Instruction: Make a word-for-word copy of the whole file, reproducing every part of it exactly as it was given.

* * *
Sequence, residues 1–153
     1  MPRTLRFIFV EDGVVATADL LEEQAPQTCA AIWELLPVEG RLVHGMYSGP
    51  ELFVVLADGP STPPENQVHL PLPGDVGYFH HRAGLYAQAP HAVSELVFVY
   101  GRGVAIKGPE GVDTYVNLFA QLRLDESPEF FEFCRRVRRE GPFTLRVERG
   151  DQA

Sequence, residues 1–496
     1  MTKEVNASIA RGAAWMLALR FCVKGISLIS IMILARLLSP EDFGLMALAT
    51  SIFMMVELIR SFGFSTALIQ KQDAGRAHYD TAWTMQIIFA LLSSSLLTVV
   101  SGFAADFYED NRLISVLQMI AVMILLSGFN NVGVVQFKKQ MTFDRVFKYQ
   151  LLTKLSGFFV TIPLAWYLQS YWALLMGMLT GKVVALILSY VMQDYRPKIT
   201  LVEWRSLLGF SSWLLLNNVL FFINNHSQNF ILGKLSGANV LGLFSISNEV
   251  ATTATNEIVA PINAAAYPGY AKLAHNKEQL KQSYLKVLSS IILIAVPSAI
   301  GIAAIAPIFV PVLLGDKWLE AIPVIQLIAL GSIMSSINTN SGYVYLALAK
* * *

Sequence, residues 1–153
     1  MPRTLRFIFV EDGVVATADL LEEQAPQTCA AIWELLPVEG RLVHGMYSGP
    51  ELFVVLADGP STPPENQVHL PLPGDVGYFH HRAGLYAQAP HAVSELVFVY
   101  GRGVAIKGPE GVDTYVNLFA QLRLDESPEF FEFCRRVRRE GPFTLRVERG
   151  DQA

Sequence, residues 1–496
     1  MTKEVNASIA RGAAWMLALR FCVKGISLIS IMILARLLSP EDFGLMALAT
    51  SIFMMVELIR SFGFSTALIQ KQDAGRAHYD TAWTMQIIFA LLSSSLLTVV
   101  SGFAADFYED NRLISVLQMI AVMILLSGFN NVGVVQFKKQ MTFDRVFKYQ
   151  LLTKLSGFFV TIPLAWYLQS YWALLMGMLT GKVVALILSY VMQDYRPKIT
   201  LVEWRSLLGF SSWLLLNNVL FFINNHSQNF ILGKLSGANV LGLFSISNEV
   251  ATTATNEIVA PINAAAYPGY AKLAHNKEQL KQSYLKVLSS IILIAVPSAI
   301  GIAAIAPIFV PVLLGDKWLE AIPVIQLIAL GSIMSSINTN SGYVYLALAK